This question – can you teach ambition? – stopped me in my tracks. Unsure of whether or not I’ve been trying to do just that, I paused, trying to think of how to respond.
It was a pertinent question, put to me by a person to whom I was pitching my program Hustle & Heart. I scrambled around for an answer and the question stayed with me for days afterwards.
Was I trying to teach ambition? Is that what business coaching is about? Is it even possible to teach ambition? Questions kept a’croppin’.
What have you been taught to want?
Essentially, ambition is simply desire, and the drive to get what we desire.
But desire is complicated. We don’t leap as fully-formed adults from a vacuum – our socialisation shapes us and defines what’s appropriate to aim for and what’s outside the realms of possibility. Much of our socialisation is unconscious – we assume that that’s the way the world works, without realising that we’re looking at things through a particular lens.
When getting to the heart of what our big goals in life and business are, we need to bring these unconscious and subtle influences into the open. Especially when self-employed, our socialisation is central to helping us achieve extraordinary things or keeping us stuck and small.
Time and again, I see business owners struggling with the very real sabotagers of self-beliefs and self-talk. Inner battles raging, with screams of:
“I’m bothering people”
“I’m being pushy”
“Surely if I was great at this, I wouldn’t have to market myself so much”
“If people wanted me, they’d have asked”
“I’m not good enough”
“Everybody knows what they’re doing except me”
“There are so many competitors. It’s too crowded”
And that old doozy: “I should just be happy. How dare I want more?”
What is your ambition?
While we all have desire, we don’t all want the same things. You know that being clear on what you want is half-way to getting it but that’s no help when you’re stumbling through the fog of first this, then that.
As we slink and creep through distractions, playthings and confusion, following the faint sniff of desire, we are often brought undone by the minutiae of ‘how’. We get distracted by a plethora of processes, tools, technologies and tactics. This takes us deeper into the fog. We’ve lost the path for the process.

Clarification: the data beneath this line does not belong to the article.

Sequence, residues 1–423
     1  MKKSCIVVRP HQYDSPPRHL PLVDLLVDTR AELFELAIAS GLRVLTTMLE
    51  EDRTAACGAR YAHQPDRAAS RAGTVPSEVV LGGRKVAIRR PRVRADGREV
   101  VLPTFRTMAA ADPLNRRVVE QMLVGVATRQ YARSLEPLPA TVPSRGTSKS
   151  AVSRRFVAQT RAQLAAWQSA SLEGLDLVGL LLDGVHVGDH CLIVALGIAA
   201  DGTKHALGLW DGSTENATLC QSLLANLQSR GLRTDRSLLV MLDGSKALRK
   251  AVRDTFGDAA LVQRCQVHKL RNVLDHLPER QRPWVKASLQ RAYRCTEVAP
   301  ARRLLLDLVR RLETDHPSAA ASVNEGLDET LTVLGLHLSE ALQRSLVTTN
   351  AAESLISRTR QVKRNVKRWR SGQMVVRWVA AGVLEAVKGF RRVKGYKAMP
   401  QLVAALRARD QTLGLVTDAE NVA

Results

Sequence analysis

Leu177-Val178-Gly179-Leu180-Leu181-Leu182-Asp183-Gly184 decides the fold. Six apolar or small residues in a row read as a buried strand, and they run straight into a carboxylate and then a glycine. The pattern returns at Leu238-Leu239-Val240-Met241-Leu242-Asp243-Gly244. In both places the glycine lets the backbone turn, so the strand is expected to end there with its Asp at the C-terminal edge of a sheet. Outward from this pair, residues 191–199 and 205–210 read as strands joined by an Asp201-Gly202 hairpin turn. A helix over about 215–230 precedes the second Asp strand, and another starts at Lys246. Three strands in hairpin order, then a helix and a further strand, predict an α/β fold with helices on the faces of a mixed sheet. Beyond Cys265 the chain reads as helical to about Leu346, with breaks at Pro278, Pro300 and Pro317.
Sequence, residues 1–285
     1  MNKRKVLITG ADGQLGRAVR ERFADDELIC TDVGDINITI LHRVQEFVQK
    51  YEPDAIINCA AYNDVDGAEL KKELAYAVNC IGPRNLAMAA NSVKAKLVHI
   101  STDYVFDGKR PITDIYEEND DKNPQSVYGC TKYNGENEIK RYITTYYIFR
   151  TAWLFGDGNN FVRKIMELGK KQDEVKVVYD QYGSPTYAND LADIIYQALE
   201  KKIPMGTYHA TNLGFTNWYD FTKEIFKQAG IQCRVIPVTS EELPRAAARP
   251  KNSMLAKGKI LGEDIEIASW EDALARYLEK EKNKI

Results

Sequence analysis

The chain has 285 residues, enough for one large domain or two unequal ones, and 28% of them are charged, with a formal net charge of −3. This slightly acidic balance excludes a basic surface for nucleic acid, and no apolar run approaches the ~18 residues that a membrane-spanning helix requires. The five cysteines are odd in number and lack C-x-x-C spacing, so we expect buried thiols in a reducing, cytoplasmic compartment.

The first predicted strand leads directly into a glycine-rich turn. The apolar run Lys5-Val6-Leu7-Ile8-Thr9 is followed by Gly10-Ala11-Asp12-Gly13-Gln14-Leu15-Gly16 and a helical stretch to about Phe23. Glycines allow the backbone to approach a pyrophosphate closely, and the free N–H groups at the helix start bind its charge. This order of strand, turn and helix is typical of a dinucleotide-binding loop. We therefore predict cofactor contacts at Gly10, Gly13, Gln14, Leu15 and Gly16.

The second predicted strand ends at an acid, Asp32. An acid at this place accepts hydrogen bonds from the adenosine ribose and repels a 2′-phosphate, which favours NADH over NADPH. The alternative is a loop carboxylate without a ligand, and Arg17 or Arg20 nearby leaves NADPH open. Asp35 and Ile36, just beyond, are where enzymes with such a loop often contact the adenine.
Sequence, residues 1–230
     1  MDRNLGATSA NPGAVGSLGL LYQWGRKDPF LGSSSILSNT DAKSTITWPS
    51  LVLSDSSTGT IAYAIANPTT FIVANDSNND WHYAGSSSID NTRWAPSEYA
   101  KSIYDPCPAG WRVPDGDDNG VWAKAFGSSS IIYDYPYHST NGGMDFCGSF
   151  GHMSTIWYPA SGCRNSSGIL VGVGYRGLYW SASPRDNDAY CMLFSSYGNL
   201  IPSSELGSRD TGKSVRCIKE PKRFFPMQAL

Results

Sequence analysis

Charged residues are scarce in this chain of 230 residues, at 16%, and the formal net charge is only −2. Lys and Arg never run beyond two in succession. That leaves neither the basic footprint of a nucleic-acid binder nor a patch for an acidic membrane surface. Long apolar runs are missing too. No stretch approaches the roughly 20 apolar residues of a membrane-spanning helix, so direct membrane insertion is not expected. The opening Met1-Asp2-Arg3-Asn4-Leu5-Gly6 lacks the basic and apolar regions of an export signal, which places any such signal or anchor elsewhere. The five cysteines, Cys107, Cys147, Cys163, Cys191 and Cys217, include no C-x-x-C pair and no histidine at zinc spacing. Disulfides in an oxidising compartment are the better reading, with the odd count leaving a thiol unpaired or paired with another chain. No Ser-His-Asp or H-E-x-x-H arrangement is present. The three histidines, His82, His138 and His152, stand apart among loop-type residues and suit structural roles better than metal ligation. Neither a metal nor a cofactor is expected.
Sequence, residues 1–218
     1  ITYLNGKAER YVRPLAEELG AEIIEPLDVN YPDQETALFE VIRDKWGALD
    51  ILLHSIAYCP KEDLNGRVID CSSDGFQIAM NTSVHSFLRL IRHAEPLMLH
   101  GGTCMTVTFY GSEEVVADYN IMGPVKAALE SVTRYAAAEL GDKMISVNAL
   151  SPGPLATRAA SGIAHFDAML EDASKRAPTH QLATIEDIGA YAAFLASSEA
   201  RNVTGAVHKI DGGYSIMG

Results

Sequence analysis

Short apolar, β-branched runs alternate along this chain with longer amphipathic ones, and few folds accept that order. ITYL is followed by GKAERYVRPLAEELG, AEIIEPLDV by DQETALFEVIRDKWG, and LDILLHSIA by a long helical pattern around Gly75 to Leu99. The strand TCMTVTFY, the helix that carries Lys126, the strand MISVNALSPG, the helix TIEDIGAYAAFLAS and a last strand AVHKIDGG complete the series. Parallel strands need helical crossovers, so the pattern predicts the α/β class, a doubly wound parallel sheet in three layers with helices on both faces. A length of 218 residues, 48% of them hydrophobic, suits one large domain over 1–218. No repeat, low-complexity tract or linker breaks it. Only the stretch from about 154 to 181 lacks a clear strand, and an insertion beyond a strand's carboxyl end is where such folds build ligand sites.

In the rough play-and-tumble of self-employment, our ambitions are all-too-often casualties. When high hopes don’t translate to reality, we start tempering our desires to more ‘appropriate’ ones. I’ve seen this countless times among more experienced self-employed people. Rather than being more confident, they have grown less confident over time, with unmet expectations, setbacks and disappointments.
And so we suppress our ambitions. Rather than developing greater resilience, we start avoiding potential embarrassments by curbing our enthusiasm. When we add children (renovations, sickness, disease, divorce, Netflix) to the mix, it’s easy to relinquish desires deemed too ‘unrealistic’.
Much of the skill in life methinks, is to suffer “the slings and arrows of outrageous fortune” that everyone is privy to and keep open, optimistic and enthusiastic. Our default ageing process is towards cynicism and bitterness. It’s far more challenging – and more rewarding – to be open-hearted and open-minded.
Finding your ‘thing’
If we all have ambition for particular things and a large part of discovering this lies in bring unconscious socialisation and other influences to the conscious mind, then the short answer is that you cannot teach ambition. You can only facilitate the process towards uncovering and rediscovering it.
This is a process of subtraction. We’re peeling back the hurts, mistakes, disappointments, dashed expectations, procrastination and other side-trips. And we’re plumbing the depth of our passions to discover whether they’re enough to sustain us in business, for many years to come.
Becoming skilled at ambition
One huge piece of the pie is getting better at handling ambition. Ambition can be a powerful force for action. It can make you hugely productive, focused and inspired. But it has an ugly underbelly – untamed,ambition can make you perpetually dissatisfied and miserable. It can cause you to constantly compare yourself with other businesses and business owners and always fall short. It can lead to fear and self-loathing.
Becoming skilled at ambition means learning how to walk the tightrope between action and relaxation, yearning and satisfaction, focus and rejuvenation. Becoming skilled at ambition means we aren’t constantly starting and stopping, getting hugely excited and then losing hope. Our emotions, revenue and profits become more steady and predictable.
I believe we must learn how to handle ambition if we’re to build businesses that aren’t just profitable, but sustainable for many years to come. We must learn to handle ambition if we’re not get beyond constant stress and busyness and start enjoying the process. The Hustle & Heart program teaches us how to become skilled at ambition because ultimately, this determines how long your business will not only survive, but thrive.